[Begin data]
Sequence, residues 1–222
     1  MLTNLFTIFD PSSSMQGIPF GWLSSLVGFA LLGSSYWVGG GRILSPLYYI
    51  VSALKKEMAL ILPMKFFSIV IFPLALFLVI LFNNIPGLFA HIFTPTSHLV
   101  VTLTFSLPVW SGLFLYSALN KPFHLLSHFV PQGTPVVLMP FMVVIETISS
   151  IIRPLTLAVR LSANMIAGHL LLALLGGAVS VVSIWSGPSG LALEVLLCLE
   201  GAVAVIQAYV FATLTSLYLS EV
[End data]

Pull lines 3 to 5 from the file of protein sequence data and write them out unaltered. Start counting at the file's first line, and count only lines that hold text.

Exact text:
    51  VSALKKEMAL ILPMKFFSIV IFPLALFLVI LFNNIPGLFA HIFTPTSHLV
   101  VTLTFSLPVW SGLFLYSALN KPFHLLSHFV PQGTPVVLMP FMVVIETISS
   151  IIRPLTLAVR LSANMIAGHL LLALLGGAVS VVSIWSGPSG LALEVLLCLE